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What Happens When Social Distancing Meets 'Social Trails'

Trail at Carolina Beach State Park-Gerry-Dincher-photo.jpg
Gerry Dincher
Queens University News Service
Sugarloaf Trail at Carolina Beach State Park, where visits increased by 79% in 2020. The park saw an increase in ‘social trails’ created by visitors, resulting in unwanted impacts.

North Carolina residents hit the outdoors in record numbers last year as COVID-19 spread throughout the state — and it impacted state parks in new ways that environmental officials are still managing.

The state park system welcomed a total of 19.8 million visitors in 2020, which is 400,000 more than the system’s previous high in 2017.

“That is because during the pandemic, when a lot of other venues for recreation were closed, people were seeking something that they could do that was active, that was away from their house, where they felt safe during the pandemic,” said Katie Hall, public information officer for the North Carolina Division of Parks and Recreation.

North Carolina is home to 34 state parks, covering 250,000 acres of land and water. Most saw a jump in traffic from 2019 to 2020, according to an analysis of state park data by the Queens University News Service. Overall, there was a 6.5% increase in visitors among all state parks in 2020. Some notable increases:

  • A 91% increase in visitors at Mayo River State Park in Rockingham County. That was the largest increase in the state.
  • 10% increase at Jockey’s Ridge State Park on Nags Head, in Dare County. The park saw the highest number of visitors — 1,933,976 — out of all 34 parks this year.

More Visitors Mean More Problems

But the increase in visitors brought also problems. The parks were not designed to host such a large amount of park-goers, Hall said. And social distancing guidelines affected park ecosystems. Hiking trail widths, for example, are not built to accommodate people spreading out at least 6 feet, she said, and this can result in unintended damage to wildlife.

“There are a lot of species of plants and animals that are barely visible that live just off the trail, and the trail is the width that it is for a reason,” Hall said. “And that is to protect the species. A lot of our parks have rare, threatened or endangered species. So when we're talking about having impacts on species, sometimes that's really significant.”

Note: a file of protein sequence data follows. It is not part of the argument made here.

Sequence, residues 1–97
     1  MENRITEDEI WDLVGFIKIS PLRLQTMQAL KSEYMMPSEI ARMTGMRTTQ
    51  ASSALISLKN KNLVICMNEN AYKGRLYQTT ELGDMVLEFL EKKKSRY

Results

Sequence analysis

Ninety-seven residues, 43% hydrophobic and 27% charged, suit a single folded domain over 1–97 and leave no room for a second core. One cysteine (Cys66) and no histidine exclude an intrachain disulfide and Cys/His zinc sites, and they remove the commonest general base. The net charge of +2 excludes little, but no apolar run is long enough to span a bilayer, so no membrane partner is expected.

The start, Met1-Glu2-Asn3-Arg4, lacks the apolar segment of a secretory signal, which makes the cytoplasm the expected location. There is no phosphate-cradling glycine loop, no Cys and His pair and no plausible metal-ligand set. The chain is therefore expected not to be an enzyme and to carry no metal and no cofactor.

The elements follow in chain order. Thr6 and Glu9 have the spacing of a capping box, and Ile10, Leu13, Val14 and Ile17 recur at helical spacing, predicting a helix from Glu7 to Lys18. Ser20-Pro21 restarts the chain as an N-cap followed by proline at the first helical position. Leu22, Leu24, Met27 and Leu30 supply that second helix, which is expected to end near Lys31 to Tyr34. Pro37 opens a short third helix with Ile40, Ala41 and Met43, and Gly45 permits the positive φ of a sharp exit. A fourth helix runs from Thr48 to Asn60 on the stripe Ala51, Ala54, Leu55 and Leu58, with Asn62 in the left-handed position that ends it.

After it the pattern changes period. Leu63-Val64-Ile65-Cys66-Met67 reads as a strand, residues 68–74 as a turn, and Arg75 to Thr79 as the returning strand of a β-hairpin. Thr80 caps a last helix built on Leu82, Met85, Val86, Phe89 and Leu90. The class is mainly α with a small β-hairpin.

That's why as park attendance increased, so did the need for maintenance.

“We have seen a large increase in trail maintenance needs, particularly on the High Shoals Falls Loop Trail,” said Jonathan Griffith, superintendent of South Mountains State Park. The loop is the park’s most popular trail. “We have been repairing steps, hauling gravel to armor the tread, blocking off bushwhack trails and picking up considerably more trash.”

Along the coast, Carolina State Beach Park experienced similar impact.

“We have seen an increase in ‘social trails,’” said Chris Helms, the Carolina Beach State Park superintendent. “These are trails that are created by visitors going off the established trails from one point to another, that becomes used by others and creates unwanted impacts.”

Keeping Up With Repairs

North Carolina State Parks lack the financial resources to keep up with damage that occurs with increased use, Hall said. The state gets some funding to repair trails and build new ones, she said, but the park systems need new places for visitors to go. She said the current parks are already too crowded — but this is not to dissuade visitors from enjoying the parks.

“I do hope that our human visitors, by getting out into the park in large numbers during the pandemic, may have a greater appreciation of the animal and plant species that occur here and the habitats that they reside,” said Helms, of Carolina Beach State Park.

Hall encourages visits to less popular parks and trails to help conserve plant and animal life, and visits during weekdays, when there is less traffic.

“The best thing they [park goers] can do is be thoughtful about where they go and when they go and help us try to disperse the amount of people that are visiting the most popular parks,” said Hall.

Veronika Divis, a student in Charlotte, said her favorite state park is South Mountains because it offers multiple trails to explore. Parks like Crowders Mountain State Park, which is known for a single trail to the mountaintop, often seemed busier because visitors flocked to the same areas, she said.

Crowders Mountain, located in Gaston County, welcomed about 791,810 people last year. It was one of about one dozen state parks that saw a decrease in traffic.

Jordan Grantz is a student in the James L. Knight School of Communication at Queens University of Charlotte, which provides the Queens University News Service in support of local community news.